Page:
Patty Tavatanakit recorded 15 birdies and an eagle through two rounds in the Honda LPGA Thailand Tournament. Impressive stats for 36-holes, but what really caught my eye is the pure power she exhibits alongside that scoring knack she possesses. This week she is averaging 285 yards off the tee and leading the tournament by three shots. Patty is a fantastic young LPGA star who captured the first major championship of the LPGA season last month in Rancho Mirage, California.
How does Tavatanakit generate so much “pop” in her swing? Simple, she creates a wonderful amount of width in her swing arc.
How many times have we heard “keep your left arm straight” in and around the golf course? If you’ve heard it twice, that’s two too many. Tavatanakit’s turn is impressive, but what drives that tremendous torque is the width she creates with her right arm, her trail arm or left arm for my lefty readers.
Keeping your lead arm straight tightens the average player’s swing. It shortens the turn and brings the club far too inside in the takeaway. Let’s grab a medium length golf club. With your 8 iron in hand, get in your address position. Start your normal takeaway, but don’t fold your trail arm. That’s the right arm for a right-handed golfer. The first thing you will notice is more extension as you start the backswing. Continue turning and keep the right arm as long as possible, try not to fold it too much. By the time the club reaches hip high, the grip will feel miles away from you. That’s arc! The type of arc power players possess.
Continue turning to the end of your backswing. Along the way keep that right arm as extended as possible. It will no longer be straight, but the point is don’t let it completely fold. Reaching the top of your backswing you will notice a couple significant power enhancing moves in your swing. First, your shoulder turn will be greater. Second, your lead arm will have stayed pretty straight. That’s cool, because most players tend to fold the trail arm when they keep their lead arm straight. When we focus on keeping the trail arm wide, the lead arm comes along for the ride.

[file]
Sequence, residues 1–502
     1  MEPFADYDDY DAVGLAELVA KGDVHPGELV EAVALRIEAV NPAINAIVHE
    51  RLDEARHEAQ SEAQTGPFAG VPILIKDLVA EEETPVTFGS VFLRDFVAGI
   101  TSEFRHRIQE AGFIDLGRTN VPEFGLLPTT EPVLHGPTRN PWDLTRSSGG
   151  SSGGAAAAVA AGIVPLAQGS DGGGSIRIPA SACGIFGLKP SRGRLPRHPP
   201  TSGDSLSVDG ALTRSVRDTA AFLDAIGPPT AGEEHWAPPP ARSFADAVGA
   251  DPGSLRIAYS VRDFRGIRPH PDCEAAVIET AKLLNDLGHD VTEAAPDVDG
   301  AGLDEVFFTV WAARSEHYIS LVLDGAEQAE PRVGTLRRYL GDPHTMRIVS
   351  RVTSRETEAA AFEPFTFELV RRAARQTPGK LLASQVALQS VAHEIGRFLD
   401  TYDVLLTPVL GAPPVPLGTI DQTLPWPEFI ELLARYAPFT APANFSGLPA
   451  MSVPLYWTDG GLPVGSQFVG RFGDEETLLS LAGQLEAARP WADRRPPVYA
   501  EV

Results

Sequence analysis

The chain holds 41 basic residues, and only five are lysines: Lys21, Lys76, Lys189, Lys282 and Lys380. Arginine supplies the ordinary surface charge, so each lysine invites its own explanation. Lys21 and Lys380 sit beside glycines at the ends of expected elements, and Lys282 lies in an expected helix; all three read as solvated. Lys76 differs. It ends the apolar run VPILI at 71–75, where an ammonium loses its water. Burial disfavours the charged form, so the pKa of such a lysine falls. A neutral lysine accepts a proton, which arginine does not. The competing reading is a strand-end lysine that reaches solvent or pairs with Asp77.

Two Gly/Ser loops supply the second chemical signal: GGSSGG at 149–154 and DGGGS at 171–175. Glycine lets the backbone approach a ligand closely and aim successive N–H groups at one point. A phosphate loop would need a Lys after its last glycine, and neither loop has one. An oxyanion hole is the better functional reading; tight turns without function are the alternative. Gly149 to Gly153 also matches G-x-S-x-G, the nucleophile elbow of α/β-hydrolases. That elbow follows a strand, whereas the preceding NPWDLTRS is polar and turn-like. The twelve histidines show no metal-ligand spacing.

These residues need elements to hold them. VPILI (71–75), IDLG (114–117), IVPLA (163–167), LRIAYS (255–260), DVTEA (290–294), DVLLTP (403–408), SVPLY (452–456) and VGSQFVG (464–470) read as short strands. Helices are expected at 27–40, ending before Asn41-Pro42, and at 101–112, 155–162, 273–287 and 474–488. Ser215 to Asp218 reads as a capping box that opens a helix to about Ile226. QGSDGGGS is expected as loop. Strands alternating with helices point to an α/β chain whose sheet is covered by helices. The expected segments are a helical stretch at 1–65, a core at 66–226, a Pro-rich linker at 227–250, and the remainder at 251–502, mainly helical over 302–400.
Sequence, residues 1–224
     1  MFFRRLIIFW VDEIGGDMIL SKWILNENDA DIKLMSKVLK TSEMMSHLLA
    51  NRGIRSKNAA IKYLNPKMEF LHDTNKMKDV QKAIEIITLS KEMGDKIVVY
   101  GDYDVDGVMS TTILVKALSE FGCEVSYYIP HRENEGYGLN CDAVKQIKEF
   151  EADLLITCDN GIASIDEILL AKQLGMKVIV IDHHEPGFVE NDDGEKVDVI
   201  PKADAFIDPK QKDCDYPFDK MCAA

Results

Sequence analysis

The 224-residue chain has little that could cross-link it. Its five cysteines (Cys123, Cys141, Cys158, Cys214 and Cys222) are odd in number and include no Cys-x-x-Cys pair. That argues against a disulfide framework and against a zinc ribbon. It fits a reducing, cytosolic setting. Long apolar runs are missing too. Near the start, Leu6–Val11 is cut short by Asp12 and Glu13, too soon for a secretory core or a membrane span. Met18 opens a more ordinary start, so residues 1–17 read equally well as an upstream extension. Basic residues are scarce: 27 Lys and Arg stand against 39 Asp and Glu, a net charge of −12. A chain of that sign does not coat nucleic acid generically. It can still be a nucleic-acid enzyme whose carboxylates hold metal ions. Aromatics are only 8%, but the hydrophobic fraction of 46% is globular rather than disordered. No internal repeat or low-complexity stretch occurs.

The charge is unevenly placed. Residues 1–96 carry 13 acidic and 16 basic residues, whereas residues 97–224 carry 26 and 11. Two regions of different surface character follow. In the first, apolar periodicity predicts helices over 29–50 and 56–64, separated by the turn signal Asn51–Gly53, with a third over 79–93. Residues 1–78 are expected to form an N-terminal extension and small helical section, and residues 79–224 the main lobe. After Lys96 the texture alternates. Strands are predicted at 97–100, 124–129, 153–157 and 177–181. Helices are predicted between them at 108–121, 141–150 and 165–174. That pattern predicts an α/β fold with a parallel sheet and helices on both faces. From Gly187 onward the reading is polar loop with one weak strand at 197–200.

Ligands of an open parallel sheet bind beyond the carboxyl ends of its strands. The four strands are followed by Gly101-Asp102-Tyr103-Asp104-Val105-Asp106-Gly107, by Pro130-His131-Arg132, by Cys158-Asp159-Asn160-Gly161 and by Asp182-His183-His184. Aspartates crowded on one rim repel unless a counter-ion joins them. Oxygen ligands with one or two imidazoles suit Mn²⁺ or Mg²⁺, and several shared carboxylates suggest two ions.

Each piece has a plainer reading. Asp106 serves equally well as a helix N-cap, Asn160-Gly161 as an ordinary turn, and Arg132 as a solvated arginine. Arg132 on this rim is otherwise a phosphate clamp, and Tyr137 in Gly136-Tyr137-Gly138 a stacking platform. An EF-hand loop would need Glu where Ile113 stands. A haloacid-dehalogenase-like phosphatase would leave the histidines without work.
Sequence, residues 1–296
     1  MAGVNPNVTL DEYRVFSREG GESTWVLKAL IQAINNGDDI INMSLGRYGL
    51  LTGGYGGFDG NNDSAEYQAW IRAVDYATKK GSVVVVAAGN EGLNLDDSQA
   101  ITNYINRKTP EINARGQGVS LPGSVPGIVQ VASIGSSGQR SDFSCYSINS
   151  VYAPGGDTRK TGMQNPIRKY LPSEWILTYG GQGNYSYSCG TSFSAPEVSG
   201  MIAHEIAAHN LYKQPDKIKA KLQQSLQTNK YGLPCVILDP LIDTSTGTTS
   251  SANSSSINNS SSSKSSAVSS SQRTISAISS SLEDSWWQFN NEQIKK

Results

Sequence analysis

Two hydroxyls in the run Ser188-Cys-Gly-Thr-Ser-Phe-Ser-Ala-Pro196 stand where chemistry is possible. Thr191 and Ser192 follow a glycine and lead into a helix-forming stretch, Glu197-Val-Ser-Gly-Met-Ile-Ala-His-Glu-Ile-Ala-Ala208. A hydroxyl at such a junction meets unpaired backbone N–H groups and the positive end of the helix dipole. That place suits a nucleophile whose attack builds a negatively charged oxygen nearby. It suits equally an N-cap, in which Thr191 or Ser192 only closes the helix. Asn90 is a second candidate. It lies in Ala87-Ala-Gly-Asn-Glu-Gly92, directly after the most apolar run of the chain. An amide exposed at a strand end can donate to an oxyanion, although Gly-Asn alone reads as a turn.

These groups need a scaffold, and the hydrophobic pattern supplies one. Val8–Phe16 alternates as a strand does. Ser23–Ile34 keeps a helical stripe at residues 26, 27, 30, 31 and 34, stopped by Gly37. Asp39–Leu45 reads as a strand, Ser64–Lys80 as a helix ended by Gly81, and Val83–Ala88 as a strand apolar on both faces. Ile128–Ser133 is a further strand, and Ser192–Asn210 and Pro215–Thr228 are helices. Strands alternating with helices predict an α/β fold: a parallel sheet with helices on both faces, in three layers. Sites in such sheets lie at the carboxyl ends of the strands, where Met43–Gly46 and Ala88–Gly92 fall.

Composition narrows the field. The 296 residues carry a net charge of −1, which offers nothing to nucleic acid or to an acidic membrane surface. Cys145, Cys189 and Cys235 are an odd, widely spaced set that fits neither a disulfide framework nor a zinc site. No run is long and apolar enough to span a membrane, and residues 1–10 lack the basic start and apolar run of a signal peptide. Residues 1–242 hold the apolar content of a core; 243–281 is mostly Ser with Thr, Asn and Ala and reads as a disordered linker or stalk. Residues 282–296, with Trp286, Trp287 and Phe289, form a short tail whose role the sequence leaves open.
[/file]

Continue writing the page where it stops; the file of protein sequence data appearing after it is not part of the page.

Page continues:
Inside that demonstration, you created some new feelings of width in your backswing. Once you get to the practice range, here’s a drill to continue creating that powerful arc. Stick with that 8 iron. Take your address position and then stand straight up with the club and your arms outstretched in front of you. The club will be pointing to the sky. For a right-handed golfer make a 90-degree turn to your right. (Lefties, turn the other way.) The club should now be in a wide backswing position. You should also feel a great big turn.
Start over and perform the drill again. Once you have repeated this stand up and turn drill a couple of times take your normal address position again. This time when you do the drill, stay in your tilt. Don’t stand straight up, keep that spine at the same angle you have it in at address. Now make your turn and get yourself to that wide position you just created in the drill. Feel the stretch in your back and the width in your arc. Hit the ball. Continuing performing the drill until you consistently keep hitting that wide backswing spot. Now try to hit the same spot by taking a traditional takeaway, all while focusing on stretching that trail arm.
Coordinating a long right arm is a very specific move. It’s simple in nature and will create a wonderfully wide swing arc. Continue to practice Patty’s right arm reach with all of your clubs. You’ll soon be amazed how much further you can hit the ball.
Keith Stewart is a 5-time award-winning PGA Professional with 25 years of experience in the golf industry. His network of players, coaches and insiders provide him with a unique perspective on the game. He's a writer on PGA.com and host of the ProShow on ESPN 920 AM Friday afternoons at 3:00pm EDT. Check out his PGA Coaching articles archived here or his conversations on air with this link to his website The ProShow.